In a Slate article, Ray Fisman writes about “why giving poor kids laptops doesn’t improve their scholastic performance.” The title of the article is “The $100 Distraction Device”, a thinly veiled slap at the One Laptop Per Child (OLPC) program, originally known as the $100 Laptop.
The article does ultimately reach a subtler conclusion. Merely having computers doesn’t necessarily improve academic performance. For the readers of Disrupting Class, you’ll already know that we agree. Far more important is how computers are used and implemented into people’s lives.
The article builds on personal anecdote as well as new research by economists Ofer Malamud and Cristian Pop-Eleches, who had access to a great situation from a research standpoint from the Euro 200 program that gave poor families vouchers for computers in Romania.
Fisman also recounts the billions that the federal government spends on helping to equip schools with computers. The result from this, as our book and Larry Cuban has documented, is not much improvement. The union study that I blogged about earlier reaches the same conclusion.
Fisman concludes that if children have computers on which they just play games to the detriment of work, they will perform poorly in school. If they do academic work with them, of course they might have different results. Marc Prensky and others might take issue with this, as they see tremendous educational value in some video games.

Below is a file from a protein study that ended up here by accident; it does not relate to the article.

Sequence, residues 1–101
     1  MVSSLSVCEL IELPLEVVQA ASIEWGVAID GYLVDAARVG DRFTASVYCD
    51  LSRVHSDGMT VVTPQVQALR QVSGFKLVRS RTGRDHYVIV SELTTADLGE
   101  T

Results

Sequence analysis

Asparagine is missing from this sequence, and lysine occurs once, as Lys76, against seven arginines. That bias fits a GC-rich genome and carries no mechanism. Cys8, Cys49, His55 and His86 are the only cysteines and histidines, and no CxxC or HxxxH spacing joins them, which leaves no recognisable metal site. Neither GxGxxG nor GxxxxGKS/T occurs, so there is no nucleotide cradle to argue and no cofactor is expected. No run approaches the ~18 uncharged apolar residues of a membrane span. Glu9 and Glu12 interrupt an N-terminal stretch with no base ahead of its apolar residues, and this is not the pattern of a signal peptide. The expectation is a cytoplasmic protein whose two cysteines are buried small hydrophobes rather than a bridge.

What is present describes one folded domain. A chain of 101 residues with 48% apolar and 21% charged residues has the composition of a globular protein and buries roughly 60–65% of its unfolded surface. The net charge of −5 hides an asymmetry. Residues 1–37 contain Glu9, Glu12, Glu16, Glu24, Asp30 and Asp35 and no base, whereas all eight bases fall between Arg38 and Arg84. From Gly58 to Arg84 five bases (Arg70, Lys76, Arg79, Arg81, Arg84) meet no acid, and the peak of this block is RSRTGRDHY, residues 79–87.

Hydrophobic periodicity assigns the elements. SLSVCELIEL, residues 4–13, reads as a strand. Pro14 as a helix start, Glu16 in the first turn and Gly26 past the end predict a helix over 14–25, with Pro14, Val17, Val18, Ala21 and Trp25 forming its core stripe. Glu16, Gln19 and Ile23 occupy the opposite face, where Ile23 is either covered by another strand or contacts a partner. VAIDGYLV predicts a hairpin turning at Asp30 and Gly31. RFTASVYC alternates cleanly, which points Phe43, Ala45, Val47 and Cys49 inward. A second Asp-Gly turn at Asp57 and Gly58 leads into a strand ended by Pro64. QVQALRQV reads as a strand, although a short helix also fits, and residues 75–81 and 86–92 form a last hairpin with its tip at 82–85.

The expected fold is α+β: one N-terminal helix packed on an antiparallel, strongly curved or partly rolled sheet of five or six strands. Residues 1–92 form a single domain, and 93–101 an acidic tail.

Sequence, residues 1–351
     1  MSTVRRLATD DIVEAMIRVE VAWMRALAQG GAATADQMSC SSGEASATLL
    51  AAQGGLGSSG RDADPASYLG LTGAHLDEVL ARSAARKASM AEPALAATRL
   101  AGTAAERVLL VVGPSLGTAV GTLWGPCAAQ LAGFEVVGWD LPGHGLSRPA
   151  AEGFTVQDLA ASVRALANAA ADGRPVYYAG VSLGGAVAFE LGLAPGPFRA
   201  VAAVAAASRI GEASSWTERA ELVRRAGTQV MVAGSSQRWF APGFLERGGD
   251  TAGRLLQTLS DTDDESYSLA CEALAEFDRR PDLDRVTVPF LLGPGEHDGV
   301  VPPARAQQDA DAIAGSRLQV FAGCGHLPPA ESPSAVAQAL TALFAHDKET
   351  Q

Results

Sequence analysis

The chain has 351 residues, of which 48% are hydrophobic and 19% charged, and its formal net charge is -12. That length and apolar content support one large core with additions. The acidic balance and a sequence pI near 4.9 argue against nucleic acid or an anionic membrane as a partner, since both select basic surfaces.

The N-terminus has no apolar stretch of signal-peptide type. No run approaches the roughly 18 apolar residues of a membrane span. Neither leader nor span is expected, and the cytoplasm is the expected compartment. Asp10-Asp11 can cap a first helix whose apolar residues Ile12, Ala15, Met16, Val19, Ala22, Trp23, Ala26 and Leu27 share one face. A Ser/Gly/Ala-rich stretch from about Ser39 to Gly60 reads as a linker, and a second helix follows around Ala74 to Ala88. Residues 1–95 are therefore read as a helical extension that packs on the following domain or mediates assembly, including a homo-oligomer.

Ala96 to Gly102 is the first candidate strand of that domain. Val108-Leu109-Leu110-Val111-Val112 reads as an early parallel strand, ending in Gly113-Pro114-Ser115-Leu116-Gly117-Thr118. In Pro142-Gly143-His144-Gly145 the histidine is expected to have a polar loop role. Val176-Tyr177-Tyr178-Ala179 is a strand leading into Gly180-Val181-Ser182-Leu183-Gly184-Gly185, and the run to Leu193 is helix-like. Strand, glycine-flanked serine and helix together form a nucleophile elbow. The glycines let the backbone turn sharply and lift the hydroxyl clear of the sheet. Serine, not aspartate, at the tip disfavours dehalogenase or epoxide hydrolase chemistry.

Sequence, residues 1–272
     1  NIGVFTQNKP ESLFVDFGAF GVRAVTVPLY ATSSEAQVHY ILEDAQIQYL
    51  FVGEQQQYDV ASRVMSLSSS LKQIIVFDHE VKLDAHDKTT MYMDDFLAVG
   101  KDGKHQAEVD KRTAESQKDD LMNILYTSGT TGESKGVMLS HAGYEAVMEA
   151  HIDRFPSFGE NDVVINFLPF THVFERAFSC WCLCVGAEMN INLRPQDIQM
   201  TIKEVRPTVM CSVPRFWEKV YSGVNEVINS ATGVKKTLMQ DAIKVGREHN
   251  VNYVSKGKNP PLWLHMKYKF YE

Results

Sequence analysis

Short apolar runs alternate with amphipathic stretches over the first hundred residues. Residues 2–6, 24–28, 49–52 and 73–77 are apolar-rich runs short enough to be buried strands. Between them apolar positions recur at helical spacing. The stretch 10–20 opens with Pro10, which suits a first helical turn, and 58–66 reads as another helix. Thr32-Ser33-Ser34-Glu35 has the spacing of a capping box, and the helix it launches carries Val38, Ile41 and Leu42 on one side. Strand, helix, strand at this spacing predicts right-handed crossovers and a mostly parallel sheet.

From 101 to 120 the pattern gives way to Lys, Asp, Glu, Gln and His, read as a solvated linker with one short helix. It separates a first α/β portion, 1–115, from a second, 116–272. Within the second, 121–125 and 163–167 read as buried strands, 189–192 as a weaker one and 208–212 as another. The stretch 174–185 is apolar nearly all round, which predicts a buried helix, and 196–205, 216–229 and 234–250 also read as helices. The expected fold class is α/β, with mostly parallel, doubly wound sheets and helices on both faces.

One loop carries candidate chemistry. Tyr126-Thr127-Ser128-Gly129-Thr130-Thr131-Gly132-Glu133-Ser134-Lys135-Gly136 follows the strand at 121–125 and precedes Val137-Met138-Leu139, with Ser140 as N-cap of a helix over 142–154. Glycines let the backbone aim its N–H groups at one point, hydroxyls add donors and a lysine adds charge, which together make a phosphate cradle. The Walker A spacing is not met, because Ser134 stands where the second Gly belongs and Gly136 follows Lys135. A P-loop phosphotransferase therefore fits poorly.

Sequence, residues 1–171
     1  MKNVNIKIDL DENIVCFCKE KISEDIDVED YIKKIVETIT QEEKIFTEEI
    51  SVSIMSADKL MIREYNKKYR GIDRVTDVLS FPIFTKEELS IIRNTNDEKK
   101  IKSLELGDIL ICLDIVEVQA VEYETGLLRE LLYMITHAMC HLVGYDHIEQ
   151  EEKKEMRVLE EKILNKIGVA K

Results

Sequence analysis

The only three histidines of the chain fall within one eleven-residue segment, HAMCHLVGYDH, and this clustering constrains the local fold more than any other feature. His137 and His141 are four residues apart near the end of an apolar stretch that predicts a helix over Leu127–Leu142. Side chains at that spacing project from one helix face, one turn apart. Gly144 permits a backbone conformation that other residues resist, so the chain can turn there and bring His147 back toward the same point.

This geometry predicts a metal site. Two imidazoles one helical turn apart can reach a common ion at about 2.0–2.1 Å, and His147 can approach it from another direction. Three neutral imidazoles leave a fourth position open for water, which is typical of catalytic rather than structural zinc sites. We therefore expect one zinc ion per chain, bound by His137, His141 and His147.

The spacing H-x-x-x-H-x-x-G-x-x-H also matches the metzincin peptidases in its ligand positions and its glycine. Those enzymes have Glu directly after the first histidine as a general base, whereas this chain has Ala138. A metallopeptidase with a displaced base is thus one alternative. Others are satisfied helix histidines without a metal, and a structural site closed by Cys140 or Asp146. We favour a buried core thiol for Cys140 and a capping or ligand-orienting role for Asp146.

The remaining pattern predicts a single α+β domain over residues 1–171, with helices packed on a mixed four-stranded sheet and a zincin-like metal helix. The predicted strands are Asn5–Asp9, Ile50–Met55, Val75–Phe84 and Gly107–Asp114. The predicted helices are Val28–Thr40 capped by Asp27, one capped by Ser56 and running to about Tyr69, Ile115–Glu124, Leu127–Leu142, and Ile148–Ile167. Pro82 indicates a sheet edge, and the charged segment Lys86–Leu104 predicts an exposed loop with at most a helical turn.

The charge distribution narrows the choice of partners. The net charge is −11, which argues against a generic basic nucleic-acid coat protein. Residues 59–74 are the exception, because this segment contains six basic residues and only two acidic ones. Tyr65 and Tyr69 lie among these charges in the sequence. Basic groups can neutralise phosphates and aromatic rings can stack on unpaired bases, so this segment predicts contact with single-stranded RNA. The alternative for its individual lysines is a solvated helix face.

The bigger point is merely giving computers to people or cramming them into classrooms will just waste more money and not help poorer students. Merely handing out the OLPC across the developing world won’t help.
But as readers of our book and this blog know, there are many ways computers can have tremendous impact if used correctly. If the OLPC program is used not as an ends, but instead as a means, it could have exciting results to produce a disruptive outcome that leapfrogs the U.S., similar to how so many developing countries leapfrogged the U.S. in cell-phone adoption. To do this, the OLPC must be used as a portal to connect students to engaging learning opportunities through enriching interactive software. If done correctly, we might see that although computers don’t help poor kids, computer-based learning does.